Donald Judd Studio
101 Spring Street was designed by Nicholas Whyte in 1870. The elegant five-story building was originally developed to be a store with offices on the upper levels. The building gained added status in 1968 when it was purchased Donald Judd, the famous American minimalist artist. 101 Spring Street served as his home and studio. It is said that the building was the birthplace of “permanent installation”, which is today a cornerstone contemporary art.
Building History & Stories
Nicholas Whyte designed the handsome structure located at 101 Spring Street in 1870. The original intent of the building was to house a store and offices. The abundance of light within the building provided illumination for the display of merchandise. The building was later used as a sewing factory before famous American minimalist artist Donald Judd purchased it in 1968 to be used as his home and studio. The lofty characteristics of the building are a prime example of what drew contemporary artists to Soho from the 1950s onward. Judd had a great appreciation for the architecture. 101 Spring Street is the only remaining completely intact cast-iron building in Soho. He lived on the spacious upper floors of the building with his wife and two children. The lower levels were used as his studio and workshop along with an exhibit of his sculptures. 101 Spring Street is considered to be the birthplace of “permanent installation” a style of contemporary art developed by Judd while living there. The concept was centered around the belief that the placement of artwork was as critical to the understanding as the work itself. In his writings, Judd cited 101 Spring Street as his true inspiration. When Judd died in 1994, the building became part of his estate. Plans are in place to establish it has a museum for his works. As of August 2011, 101 Spring Street was being renovated and hidden under scaffolding.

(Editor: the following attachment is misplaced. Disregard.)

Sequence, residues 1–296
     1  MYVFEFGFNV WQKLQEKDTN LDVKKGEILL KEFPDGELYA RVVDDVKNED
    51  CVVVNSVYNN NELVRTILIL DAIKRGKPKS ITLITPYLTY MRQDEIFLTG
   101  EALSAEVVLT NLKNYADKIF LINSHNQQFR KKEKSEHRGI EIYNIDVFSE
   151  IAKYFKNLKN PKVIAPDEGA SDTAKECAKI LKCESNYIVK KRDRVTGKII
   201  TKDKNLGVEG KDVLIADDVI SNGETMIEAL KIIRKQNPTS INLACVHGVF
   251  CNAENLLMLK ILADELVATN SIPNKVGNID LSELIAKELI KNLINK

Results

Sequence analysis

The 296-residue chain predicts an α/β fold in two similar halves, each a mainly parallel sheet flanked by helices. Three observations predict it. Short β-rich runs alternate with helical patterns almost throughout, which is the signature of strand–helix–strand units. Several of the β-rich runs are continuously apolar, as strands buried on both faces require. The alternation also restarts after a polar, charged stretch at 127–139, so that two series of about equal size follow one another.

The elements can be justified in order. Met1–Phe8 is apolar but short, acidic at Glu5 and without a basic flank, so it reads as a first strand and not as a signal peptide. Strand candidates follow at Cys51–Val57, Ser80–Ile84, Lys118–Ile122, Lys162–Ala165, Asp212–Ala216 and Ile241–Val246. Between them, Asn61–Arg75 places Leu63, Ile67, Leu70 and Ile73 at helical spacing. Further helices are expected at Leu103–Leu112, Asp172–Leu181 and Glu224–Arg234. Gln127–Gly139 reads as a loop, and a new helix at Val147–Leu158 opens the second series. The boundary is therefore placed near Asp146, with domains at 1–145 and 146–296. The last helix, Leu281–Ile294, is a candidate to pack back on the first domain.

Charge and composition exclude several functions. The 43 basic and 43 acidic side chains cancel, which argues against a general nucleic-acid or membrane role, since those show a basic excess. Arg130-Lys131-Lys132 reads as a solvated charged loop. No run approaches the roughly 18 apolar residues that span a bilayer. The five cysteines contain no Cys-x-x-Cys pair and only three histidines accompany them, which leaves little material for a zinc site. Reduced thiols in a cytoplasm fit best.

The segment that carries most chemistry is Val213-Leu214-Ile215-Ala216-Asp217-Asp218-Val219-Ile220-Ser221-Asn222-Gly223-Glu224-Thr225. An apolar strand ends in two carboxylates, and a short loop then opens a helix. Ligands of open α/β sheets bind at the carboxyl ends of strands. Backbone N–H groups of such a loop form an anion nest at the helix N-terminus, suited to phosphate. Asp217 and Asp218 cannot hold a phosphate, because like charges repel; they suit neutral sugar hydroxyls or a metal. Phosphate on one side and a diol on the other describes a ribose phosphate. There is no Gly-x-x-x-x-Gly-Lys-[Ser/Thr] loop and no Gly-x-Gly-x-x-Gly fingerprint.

101 Spring Street is one of the most elegant buildings in Soho. The five-story structure sits proudly on the northeast corner of Spring and Mercer Streets. The facades stretch three window bays wide on Springs Street and ten window bays wide on Mercer Street. The composition is extremely airy and light with a high ceilinged ground floor, large windows, and spacious upper stories. The boxy structure is supported by slender cast-iron elements. The forms are adopted from classical sources but used in a simplified manner. Slender columns define the door and window openings on the first two floors. Pilasters with ball-like motif capitals sitting on a row of raised banding frame the windows on the upper floors.